Franchising is big business – and growing. It’s contribution to the UK economy is estimated to be more than £15bn; an increase of 46% over 10 years, according to the latest research carried out on behalf of the British Franchising Association (BFA).
Around 621,000 people are employed in the sector, of which more than half are in full-time employment; a 70% increase over the same period. Franchisee-owned businesses, of which there are more than 44,000, are also becoming larger as turnover and staff numbers increase.
A record 97% of franchisee-owned units reported profitability, according to the research carried out in conjunction with NatWest, with 56% saying they are “quite” or “very” profitable. Failure rates are “much lower” than for SME’s generally, it said. Franchisees’ satisfaction with their franchisor has never been higher, with 91% saying they are “mainly” or “definitely” satisfied.
One in five franchisees who had launched their business in the last two years of the research period was under 30 years old when they did so. Some 29% of franchisees now run multiple units, and 80% of franchise brands in this country are UK-owned and developed.
Franchises are not for everyone and the creation of a good franchise relationship is a two-way process.
Angus MacLeod, Wright, Johnston & Mackenzie LLP
The model as we know it today – so-called business format franchising, whereby franchisees benefit from a well-known brand, training, business systems and marketing – grew rapidly, after the Second World War, propelled by companies looking to expand quickly.
Soft drinks giants like Coca-Cola and Pepsi could not operate effectively across the US with the high-water content of its products and expensive transportation. So, they developed a franchise system whereby franchisees would add water to the companies’ secret recipe syrup, carbonate and bottle locally. It really took off when milkshake salesman Ray Croc visited one of his customers, a drive-through restaurant owned by the McDonald brothers.
Franchising has since flourished into an industry which now has nearly 1,000 brands in a multitude of different sectors. Food still figures strong, but today it is an eclectic mix of businesses including everything from hairdressing to photography, pet care to children’s sport coaching.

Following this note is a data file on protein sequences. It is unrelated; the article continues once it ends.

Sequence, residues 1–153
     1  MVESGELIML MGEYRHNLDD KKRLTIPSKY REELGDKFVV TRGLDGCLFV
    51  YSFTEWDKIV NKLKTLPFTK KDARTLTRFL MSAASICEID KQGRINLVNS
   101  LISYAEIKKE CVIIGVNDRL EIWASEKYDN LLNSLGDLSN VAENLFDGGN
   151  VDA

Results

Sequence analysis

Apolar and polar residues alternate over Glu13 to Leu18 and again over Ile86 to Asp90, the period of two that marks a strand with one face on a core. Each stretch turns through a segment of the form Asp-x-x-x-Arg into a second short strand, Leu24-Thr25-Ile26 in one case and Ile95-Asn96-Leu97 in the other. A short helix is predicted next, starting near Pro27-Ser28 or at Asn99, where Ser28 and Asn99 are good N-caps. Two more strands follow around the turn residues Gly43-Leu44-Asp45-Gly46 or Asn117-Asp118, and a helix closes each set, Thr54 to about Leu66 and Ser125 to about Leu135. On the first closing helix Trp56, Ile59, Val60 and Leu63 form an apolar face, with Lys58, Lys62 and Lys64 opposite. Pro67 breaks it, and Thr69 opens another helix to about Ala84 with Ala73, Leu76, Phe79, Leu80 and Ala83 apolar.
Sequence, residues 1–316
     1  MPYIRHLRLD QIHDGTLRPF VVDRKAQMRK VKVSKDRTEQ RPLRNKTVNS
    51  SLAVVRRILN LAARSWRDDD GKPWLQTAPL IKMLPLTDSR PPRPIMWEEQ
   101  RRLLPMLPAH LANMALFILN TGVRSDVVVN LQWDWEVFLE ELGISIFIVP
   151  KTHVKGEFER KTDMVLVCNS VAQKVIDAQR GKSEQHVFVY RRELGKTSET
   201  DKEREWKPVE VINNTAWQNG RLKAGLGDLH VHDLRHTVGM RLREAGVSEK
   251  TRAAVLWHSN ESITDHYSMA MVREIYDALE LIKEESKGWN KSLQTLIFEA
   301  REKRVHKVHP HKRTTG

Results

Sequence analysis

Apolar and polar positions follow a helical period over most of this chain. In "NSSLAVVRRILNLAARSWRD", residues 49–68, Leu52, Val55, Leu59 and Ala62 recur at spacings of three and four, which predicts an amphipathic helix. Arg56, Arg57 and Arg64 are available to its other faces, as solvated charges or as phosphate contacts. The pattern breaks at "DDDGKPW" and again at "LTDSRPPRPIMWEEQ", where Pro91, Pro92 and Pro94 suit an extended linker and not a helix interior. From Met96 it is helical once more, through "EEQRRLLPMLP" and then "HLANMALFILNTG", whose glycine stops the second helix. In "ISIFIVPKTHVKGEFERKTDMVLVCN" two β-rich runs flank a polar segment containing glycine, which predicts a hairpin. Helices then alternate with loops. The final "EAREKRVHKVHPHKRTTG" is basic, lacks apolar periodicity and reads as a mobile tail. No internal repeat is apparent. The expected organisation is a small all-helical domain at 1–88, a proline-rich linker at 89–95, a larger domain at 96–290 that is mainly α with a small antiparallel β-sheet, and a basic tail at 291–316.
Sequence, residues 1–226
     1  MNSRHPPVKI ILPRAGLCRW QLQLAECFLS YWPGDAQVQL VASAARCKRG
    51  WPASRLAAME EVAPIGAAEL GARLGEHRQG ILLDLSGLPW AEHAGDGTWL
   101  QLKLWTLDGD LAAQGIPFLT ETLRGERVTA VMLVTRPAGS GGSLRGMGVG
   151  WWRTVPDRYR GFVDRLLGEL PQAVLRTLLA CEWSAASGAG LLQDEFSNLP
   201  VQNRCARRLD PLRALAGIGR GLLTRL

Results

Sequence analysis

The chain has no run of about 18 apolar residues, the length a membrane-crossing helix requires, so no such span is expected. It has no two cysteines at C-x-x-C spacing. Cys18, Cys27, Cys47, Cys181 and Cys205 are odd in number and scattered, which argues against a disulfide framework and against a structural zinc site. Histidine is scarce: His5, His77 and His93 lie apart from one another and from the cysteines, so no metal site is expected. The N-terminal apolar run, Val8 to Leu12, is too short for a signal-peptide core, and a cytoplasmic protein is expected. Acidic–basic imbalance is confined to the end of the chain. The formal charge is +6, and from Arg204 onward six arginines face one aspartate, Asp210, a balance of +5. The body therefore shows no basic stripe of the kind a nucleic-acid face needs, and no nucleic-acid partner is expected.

The BFA’s research paints a rosy picture but, as with any new venture, clarity in what is involved is vital. That’s where the experience, insight and expertise of professional advisers can mean the difference between launching oneself on an upward trajectory using a distinct business model and becoming bound by a structure for which you are not suited.
“Franchises are not for everyone and the creation of a good franchise relationship is a two-way process,” said Angus MacLeod, head of franchising at WJM. “Not only do prospective franchisees need to fit the ethos of the franchise they are buying, but franchisors also want to ensure that their brand name and network are protected by choosing suitable franchisees.”
WJM’s franchising team has a diverse mix of accredited experts with decades of experience in the industry. It was one of the first legal firms in Scotland to become affiliated to the BFA as a professional franchising advisor and it is ranked by Chambers’ Guide to the Legal Profession as “number one in Scotland” because of its expertise in advising franchisors and franchisees.
“Many people dream of starting their own business from scratch, but are concerned about the risks involved with that. For some, though, getting their business started had a large element of risk removed. Those people didn’t have any great business secret – they simply bought a franchise,” said MacLeod.
“Many businesses dream of expanding but don’t have the capital, resources or the people within their own organisation. For them, franchising can be a great way of achieving the potential for growth for their business.”